The above information provided by the customs authorities of the various countries gives a general view of their respective customs procedures. You should always consult your appointed logistics provider for the latest updates from the ground in your export market.
FTAs are free trade agreements, signed between countries to lower or abolish tariffs on movement of goods between their borders. The aim of FTAs is to facilitate and encourage trade flows between two nations by lowering the costs for businesses trading between the agreement countries. Knowing what FTAs are and utilising them will help lower your costs, increase your bottomlines, and improve your ease of market entry. This is because FTAs are legally binding agreements made by two or more countries which result in benefits for your export business in terms of:
Singapore exporters can enjoy the highest number of trade benefits in the regions, with its 19 FTAs currently in force. Benefits range from preferential access to certain sectors, tariff concessions, easier entry into other markets and intellectual property protection. To know more about the benefits of FTAs and the latest FTAs updates, please explore the Singapore FTA website.
Many things can happen to your goods from the moment they leave your possession until they reach your buyer. The most common logistics risks usually are loss of goods or damage to goods occurring during transit, or goods being denied customs clearance at destination. Less common logistics risks occur when an unforeseen circumstance arise, such as theft, accidents, natural disasters or negative political events resulting in confiscation. Please refer to Step 7 of this Export Guide for some ideas on how you can reduce your transport risks.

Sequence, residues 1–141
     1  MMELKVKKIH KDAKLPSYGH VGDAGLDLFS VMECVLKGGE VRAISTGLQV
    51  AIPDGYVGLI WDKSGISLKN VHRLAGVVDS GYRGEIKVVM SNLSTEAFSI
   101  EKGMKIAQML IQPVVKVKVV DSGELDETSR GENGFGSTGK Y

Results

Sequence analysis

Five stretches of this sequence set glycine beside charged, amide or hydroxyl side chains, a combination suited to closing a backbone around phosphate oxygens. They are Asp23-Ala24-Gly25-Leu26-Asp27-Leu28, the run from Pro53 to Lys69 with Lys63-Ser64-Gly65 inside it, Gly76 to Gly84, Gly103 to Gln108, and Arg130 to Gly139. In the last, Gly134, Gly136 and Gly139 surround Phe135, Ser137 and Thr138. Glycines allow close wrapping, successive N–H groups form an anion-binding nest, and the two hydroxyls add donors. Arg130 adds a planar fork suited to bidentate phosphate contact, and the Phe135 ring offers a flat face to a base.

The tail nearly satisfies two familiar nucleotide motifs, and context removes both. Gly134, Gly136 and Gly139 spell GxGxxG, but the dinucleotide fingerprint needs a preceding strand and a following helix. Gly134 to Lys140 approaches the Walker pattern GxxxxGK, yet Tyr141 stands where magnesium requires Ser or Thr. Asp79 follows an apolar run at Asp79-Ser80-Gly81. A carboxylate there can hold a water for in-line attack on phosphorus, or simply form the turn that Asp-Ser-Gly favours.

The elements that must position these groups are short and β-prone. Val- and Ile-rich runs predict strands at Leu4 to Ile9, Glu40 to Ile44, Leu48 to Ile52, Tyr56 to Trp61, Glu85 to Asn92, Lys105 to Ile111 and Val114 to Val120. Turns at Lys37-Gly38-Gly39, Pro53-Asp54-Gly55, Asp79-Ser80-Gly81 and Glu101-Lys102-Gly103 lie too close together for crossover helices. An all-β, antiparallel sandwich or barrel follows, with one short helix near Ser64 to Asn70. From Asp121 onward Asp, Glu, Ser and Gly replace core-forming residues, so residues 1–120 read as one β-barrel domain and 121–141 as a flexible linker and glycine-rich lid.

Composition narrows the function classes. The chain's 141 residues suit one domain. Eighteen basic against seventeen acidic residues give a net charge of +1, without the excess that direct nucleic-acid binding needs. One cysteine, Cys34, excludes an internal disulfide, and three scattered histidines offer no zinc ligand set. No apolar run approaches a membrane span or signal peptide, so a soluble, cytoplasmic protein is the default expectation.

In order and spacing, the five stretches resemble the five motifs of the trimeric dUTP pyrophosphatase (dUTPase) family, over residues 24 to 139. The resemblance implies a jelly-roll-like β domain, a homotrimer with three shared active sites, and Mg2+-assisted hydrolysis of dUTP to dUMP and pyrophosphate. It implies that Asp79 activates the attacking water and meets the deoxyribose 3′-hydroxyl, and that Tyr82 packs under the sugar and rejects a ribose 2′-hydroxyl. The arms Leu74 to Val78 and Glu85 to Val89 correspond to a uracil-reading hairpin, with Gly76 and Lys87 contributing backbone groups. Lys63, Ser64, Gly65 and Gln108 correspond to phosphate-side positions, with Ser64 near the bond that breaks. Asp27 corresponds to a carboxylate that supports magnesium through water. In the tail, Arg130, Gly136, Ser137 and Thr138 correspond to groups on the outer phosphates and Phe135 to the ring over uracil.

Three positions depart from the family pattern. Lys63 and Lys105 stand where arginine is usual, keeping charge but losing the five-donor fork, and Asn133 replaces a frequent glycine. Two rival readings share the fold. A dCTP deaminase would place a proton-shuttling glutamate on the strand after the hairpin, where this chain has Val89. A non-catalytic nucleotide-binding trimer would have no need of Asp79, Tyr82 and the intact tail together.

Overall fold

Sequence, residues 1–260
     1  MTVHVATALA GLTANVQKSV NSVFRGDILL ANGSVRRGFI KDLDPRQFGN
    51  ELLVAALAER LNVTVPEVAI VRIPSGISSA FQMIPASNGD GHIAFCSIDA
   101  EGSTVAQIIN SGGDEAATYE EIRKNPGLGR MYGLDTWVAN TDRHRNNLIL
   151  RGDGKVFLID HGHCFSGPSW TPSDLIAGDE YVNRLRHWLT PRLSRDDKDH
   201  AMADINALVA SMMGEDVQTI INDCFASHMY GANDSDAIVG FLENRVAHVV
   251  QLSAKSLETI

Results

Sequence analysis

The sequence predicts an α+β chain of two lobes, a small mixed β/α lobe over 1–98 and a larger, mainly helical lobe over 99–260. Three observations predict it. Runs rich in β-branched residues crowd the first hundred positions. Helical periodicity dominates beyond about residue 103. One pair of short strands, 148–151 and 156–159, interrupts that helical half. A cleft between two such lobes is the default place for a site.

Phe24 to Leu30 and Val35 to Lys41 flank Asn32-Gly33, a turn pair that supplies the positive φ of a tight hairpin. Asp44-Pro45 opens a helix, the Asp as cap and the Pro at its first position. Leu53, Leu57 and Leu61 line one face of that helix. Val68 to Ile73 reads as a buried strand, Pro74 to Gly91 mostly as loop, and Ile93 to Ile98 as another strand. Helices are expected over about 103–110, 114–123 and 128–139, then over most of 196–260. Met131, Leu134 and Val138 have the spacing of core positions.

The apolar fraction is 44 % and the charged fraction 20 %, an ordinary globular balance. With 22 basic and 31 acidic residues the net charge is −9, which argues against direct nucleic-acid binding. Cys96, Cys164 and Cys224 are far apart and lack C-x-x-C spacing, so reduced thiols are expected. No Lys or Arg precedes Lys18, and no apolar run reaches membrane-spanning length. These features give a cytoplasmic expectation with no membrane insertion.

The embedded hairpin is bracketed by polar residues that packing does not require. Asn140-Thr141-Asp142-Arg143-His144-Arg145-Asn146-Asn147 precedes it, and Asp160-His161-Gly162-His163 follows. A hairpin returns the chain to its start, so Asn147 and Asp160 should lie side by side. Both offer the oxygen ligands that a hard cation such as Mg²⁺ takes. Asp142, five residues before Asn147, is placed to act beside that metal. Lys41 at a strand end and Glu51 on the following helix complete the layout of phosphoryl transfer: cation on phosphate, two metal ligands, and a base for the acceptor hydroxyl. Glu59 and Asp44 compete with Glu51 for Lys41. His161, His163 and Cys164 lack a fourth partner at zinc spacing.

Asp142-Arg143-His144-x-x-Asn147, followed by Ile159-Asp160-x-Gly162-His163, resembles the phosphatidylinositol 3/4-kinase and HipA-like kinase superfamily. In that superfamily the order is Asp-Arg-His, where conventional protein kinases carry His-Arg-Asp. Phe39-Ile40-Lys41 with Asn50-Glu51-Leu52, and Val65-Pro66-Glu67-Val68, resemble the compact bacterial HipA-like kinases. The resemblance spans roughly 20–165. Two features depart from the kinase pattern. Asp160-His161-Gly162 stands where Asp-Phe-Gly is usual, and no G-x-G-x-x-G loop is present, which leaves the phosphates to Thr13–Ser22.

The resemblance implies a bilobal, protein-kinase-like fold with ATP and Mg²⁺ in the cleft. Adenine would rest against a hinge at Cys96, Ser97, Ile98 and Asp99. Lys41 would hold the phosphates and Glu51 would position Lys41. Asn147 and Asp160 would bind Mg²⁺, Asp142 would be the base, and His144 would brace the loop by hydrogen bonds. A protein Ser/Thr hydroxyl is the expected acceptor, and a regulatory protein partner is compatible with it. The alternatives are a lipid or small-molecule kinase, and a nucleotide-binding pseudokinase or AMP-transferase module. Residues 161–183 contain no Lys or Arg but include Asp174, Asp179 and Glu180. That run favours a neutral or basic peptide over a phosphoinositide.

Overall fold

When you arm yourself with basic customs knowledge, you are better placed to lever up your skills or those of your employees when taking care of your delivering operations. You will also be better placed to assess if you will be getting value for money if you decide to engage a logistics service provider, which will in turn help you fully maximise the services you paid for.
There are several logistics companies that you can engage for a one-stop service, and you may wish to consider establishing a working relationship with one or more of such firms to increase your long-term operational productivity by reducing daily hassles. International logistics firms such as UPS, DHL or FedEx may be more expensive but possess a wider global coverage. In recent years, some Singapore logistics firms have become strong regionally and may cost less if your export strategy covers only the ASEAN region. Whichever provider you choose, you should always balance cost against utility.
Singapore Customs Academy is run by Singapore Customs to train Singapore-based businesses in customs procedures, customs laws and international regimes and more. Please check its training calendar regularly for the latest training programmes and updates.
Enterprise Singapore’s iAdvisory Seminar Series are market specific seminars targeted at delivering the latest, on-the-ground market intelligence for Singapore businesses by our in-market speakers and Enterprise Singapore’s Centre Directors. Beginning 2012, our iAdvisory Seminars incorporate presentation segments and panel discussions on logistics and customs issues of the market addressed by each seminar, where it is relevant to address the topic of logistics. Please browse through our all iAdvisory Seminar highlights for the market of your interest, or check regularly for updates.